As reported yesterday by many outlets, Mark Johnson announced a reorganization at the Department of Public Instruction, one of the many results of a recent court case that took over a year to settle and an audit that cost over a million dollars which said that DPI was underfunded. Alex Granados of EdNC.org published the … Continue reading About That ReOrg at DPI And What The Hell Is a Deputy Superintendent of Innovation?
The GOP-led NC legislature’s 2013 decision to end graduate degree pay bumps for new teachers entering the teaching profession was not only misguided, but another wave in the assault on public education here in the Old North State. I confess there exist numerous studies that have shown that advanced degrees do not correlate with higher … Continue reading The North Carolina General Assembly Should Pass HB 1051 – Restore Master’s Supplement for Teachers
Of the many incredibly clever, spot-on, and ingenious signs from the May 16th march and rally in Raleigh, this one has remained my favorite. "Can Anyone Here Proctor?" This gentleman was everywhere. That's what made this sign so powerful - there is always a test to be administered and there is always a need for … Continue reading Every North Carolina Lawmaker Should Be a Proctor for a State Exam
If Mark Johnson is willing to run for doughnuts, is he willing to walk with teachers on May 16 in a day for advocacy in support of public schools? Unfortunately, most teachers in this state already know the answer to that question. Of all the issues that have surrounded NC and the General Assembly's assault … Continue reading The Office of The NC State Superintendent – Where Doughnuts Are More Important Than Public Schools
“But above the gray land and the spasms of bleak dust which drift endlessly over it, you perceive, after a moment, the eyes of Doctor T. J. Eckleburg. The eyes of Doctor T. J. Eckleburg are blue and gigantic — their irises are one-yard high. They look out of no face, but, instead, from a … Continue reading West Jones Street, The NC General Assembly, and The Eyes of Doctor T.J. Eckleburg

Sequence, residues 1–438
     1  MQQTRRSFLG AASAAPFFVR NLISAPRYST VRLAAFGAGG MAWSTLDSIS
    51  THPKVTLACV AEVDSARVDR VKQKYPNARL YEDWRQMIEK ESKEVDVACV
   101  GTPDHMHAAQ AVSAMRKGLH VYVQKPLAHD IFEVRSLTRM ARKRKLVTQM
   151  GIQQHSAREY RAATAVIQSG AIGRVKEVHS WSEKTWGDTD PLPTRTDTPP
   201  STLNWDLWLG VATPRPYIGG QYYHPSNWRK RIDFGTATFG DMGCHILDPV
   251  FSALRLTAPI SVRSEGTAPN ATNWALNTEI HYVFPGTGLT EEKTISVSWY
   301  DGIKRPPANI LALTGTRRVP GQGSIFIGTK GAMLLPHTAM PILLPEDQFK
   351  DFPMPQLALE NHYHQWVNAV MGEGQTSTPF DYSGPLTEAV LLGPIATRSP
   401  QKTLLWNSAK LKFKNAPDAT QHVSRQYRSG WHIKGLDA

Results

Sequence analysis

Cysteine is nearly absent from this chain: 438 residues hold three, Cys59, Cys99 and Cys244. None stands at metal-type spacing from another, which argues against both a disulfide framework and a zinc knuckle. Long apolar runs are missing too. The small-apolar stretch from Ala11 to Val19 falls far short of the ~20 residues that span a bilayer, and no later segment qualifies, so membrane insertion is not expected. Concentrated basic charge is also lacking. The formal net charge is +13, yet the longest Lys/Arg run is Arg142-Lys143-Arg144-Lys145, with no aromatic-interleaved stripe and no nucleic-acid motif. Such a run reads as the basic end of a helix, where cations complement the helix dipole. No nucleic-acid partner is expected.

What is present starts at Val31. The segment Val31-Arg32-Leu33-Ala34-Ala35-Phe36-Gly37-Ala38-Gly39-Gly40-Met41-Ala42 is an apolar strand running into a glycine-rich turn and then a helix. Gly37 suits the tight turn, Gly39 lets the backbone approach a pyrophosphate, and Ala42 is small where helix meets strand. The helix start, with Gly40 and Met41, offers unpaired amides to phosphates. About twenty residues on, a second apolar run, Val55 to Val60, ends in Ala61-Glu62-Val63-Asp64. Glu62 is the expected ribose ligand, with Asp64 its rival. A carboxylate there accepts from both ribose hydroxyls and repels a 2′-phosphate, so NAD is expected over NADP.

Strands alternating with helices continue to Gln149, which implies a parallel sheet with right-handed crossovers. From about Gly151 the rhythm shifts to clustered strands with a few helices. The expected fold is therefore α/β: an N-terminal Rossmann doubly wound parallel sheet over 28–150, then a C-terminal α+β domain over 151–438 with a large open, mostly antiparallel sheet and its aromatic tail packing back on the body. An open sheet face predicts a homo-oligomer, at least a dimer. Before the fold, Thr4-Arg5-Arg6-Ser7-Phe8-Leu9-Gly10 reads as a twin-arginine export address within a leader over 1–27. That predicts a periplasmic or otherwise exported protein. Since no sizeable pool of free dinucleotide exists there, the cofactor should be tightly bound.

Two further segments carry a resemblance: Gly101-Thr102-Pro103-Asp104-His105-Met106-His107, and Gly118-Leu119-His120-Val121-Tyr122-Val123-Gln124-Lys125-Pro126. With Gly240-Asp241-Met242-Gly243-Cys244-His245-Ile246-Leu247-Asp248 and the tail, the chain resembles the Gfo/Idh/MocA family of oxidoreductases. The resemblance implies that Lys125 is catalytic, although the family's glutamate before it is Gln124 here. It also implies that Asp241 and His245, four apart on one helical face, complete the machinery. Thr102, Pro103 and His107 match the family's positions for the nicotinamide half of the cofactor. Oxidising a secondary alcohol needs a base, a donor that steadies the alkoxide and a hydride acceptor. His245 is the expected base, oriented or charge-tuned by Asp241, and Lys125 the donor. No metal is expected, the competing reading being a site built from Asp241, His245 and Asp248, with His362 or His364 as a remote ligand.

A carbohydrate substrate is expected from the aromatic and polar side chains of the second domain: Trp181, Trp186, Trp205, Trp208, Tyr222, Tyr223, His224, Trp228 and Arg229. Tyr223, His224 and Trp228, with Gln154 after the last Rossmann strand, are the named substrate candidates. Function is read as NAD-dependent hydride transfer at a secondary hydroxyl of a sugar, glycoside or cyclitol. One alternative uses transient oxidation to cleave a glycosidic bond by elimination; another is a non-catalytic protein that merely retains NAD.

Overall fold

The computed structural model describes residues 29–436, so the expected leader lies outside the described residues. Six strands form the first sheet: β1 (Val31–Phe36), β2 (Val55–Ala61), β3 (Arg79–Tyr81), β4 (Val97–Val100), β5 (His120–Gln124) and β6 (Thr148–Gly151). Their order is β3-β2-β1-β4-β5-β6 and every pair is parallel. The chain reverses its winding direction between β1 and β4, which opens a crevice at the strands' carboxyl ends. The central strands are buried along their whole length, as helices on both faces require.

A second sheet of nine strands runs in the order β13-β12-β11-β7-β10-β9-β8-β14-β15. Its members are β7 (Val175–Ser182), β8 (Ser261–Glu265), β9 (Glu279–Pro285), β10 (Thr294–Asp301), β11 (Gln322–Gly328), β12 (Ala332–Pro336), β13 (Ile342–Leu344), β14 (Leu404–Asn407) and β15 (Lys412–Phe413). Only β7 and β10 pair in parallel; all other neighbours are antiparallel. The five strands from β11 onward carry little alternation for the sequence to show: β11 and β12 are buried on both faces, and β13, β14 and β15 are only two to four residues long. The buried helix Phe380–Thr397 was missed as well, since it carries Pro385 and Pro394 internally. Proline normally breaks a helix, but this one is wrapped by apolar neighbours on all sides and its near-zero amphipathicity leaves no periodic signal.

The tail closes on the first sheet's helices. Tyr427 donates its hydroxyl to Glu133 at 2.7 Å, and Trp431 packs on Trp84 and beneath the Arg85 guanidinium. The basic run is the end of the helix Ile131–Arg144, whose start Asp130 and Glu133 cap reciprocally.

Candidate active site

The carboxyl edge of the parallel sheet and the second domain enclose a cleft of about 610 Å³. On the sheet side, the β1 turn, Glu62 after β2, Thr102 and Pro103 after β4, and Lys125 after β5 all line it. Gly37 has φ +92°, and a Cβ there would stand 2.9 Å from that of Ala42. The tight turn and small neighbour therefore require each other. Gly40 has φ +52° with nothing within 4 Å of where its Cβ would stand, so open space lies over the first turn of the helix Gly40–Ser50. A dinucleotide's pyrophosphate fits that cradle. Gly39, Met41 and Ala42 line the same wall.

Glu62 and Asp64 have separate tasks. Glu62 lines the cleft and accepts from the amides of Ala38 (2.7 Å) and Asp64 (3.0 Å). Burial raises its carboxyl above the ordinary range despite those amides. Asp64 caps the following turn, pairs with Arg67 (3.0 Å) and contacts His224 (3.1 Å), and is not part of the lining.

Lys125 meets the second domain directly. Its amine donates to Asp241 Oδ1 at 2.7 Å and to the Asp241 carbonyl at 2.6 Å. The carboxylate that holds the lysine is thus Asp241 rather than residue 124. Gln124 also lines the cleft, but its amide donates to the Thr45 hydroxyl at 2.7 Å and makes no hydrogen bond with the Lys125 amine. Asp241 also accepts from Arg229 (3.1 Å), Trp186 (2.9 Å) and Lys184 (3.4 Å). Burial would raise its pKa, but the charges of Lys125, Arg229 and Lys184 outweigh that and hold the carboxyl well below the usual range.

In a day and age where STEM-linked educational initiatives are heavily marketed in the educational and political arenas, it is sometimes hard for this English teacher to not want to reiterate that a study of literature is just as vital. Furthermore, looking and reflecting on great works of literature is a genuine way to study … Continue reading Literature Assignment for the North Carolina General Assembly – Sparknotes Won’t Help on the Test
West Virginia. Oklahoma. Kentucky. In those states, teachers are not “walking out” and confronting lawmakers because of singular issues like salary, benefits, or working conditions. They are marching for respect. What lawmakers in those states are learning very quickly is that there is a difference between rewarding teachers and respecting the teaching profession. A reward … Continue reading Marching For Students & Rallying for Respect
Dear Fellow Educator, I first want to tell you that I admire what you have chosen to do as a career. Teaching in today’s public schools is not easy. I know as I am in my 20th year of teaching. I still love my job. I still love being with the students. Outside of my … Continue reading An Open Letter From a Veteran North Carolina Teacher to Young Teachers – You Are Vital
Our public schools are better than you may think. Probably a lot better. With the constant dialogue that “we must improve schools” and the “need to implement reforms,” it is imperative that we as a taxpaying public seek to understand all of the variables in which schools are and can be measured, and not all … Continue reading Our Public Schools Are Better Than the NCGA Would Want You to Believe
News last week that DPI is allocating almost $5 million to early grade literacy seems most welcome. As reported by Liz Bell of EdNC.org: The Department of Public Instruction is distributing a total of $4.8 million from funds allocated by the state in 2016 as part of its Read to Achieve initiative for “literacy support” in early … Continue reading Dear State Supt. Johnson, $200 Per Teacher? How About Fight For More Per Student? Much More.